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  • Writer's pictureKara Chatham

In Your Corner

She stood in the ring. Hands were wrapped and gloved properly, but that was all the protection she was allowed to have. She didn’t know who she would face. That’s not something the coordinators allowed – to prevent any pre-fight mischief. So she patiently waited in her corner of the ring. She heard the whispers of the crowd, and nothing positive was being said.

“She won’t last five seconds,” one said.

“She’s too small for this fight,” said another.

She did her best to block it all out.

“Better hope it’s another girl who is just as weak as she is. Otherwise this is going to be a quick fight.”

But some things were harder to block. Because words are not like punches, yet people throw them with the intent to cause pain.

“She’s too pretty to fight.”

“She looks too smart for this.”

“Didn’t her parents teach her not to fight?”

Insult after insult floated through the air. The fight was already beginning in her mind before her opponent could even make an appearance. She did her best to dodge and block each insult s they came but as the whispers grew louder the more difficult it became.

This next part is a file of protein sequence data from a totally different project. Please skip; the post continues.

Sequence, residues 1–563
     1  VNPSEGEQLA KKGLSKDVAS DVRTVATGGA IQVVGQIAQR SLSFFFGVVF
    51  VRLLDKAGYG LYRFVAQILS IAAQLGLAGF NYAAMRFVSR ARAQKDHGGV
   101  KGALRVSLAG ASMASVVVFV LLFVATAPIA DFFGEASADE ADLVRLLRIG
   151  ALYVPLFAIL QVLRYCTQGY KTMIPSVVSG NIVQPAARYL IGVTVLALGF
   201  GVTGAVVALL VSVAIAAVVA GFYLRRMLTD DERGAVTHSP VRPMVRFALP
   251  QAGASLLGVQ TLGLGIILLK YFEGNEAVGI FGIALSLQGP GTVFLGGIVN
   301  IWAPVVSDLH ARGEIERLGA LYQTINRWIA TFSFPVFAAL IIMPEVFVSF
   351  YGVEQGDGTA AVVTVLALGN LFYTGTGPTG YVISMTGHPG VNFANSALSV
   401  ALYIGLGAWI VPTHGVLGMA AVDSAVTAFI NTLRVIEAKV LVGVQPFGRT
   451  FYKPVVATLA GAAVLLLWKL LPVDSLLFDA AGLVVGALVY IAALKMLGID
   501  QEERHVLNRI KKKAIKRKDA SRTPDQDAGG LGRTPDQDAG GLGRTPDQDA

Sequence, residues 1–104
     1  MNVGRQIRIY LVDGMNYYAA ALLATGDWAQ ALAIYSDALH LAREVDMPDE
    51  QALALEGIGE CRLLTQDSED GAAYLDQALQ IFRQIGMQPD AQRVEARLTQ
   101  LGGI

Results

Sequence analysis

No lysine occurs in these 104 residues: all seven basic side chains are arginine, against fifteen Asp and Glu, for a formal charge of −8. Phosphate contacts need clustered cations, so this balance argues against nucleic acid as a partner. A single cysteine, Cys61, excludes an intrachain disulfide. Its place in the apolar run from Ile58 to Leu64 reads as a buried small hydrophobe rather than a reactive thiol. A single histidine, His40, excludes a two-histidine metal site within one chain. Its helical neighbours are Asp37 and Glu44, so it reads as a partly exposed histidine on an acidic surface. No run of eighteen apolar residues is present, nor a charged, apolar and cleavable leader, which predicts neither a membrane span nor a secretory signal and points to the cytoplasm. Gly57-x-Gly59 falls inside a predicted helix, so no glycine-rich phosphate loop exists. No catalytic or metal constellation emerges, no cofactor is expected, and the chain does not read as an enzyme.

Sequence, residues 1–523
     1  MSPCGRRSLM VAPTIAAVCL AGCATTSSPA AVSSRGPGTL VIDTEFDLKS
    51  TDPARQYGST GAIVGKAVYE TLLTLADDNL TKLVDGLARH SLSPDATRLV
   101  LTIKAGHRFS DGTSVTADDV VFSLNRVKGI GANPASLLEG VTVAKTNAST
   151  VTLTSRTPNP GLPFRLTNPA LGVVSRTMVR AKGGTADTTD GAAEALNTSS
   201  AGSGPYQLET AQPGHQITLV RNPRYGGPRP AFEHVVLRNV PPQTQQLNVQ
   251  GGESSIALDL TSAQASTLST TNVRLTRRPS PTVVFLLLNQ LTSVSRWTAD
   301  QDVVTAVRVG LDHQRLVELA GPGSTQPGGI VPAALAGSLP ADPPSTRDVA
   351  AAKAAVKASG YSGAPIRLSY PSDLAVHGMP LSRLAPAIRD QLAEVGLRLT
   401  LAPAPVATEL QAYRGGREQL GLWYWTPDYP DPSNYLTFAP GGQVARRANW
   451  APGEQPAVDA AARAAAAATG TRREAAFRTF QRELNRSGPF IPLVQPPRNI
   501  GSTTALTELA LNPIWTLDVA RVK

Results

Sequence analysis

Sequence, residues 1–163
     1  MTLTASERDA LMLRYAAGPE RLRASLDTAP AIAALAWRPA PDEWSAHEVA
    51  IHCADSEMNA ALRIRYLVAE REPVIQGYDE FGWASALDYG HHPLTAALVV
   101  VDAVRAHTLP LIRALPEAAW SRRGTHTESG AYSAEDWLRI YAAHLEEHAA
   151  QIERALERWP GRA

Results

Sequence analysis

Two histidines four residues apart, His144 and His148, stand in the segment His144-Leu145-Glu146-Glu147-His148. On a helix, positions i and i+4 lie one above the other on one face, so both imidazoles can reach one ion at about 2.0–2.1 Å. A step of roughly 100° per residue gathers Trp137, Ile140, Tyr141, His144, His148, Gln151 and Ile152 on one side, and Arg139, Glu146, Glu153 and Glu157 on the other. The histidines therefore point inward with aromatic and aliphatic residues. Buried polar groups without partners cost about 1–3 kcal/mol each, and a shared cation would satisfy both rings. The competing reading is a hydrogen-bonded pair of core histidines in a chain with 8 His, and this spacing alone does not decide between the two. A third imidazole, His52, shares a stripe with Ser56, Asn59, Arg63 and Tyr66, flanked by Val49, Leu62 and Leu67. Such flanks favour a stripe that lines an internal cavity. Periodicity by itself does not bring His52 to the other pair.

Finally, another person climbed into the ring and the crowd fell silent. She half expected this person to be her opponent. The way things had been between the two of them, it was only a matter of time before they were forced to fight in front of everyone. The opponent had the same amount of protection as she – hands simply wrapped and gloved. The referee quickly went over the rules of the fight. It would be over once one pinned the other or someone surrendered. The look in her opponent’s eyes told her exactly how he thought this fight was going to go.

“Are you ready,” asked the referee.

“I am,” she said confidently.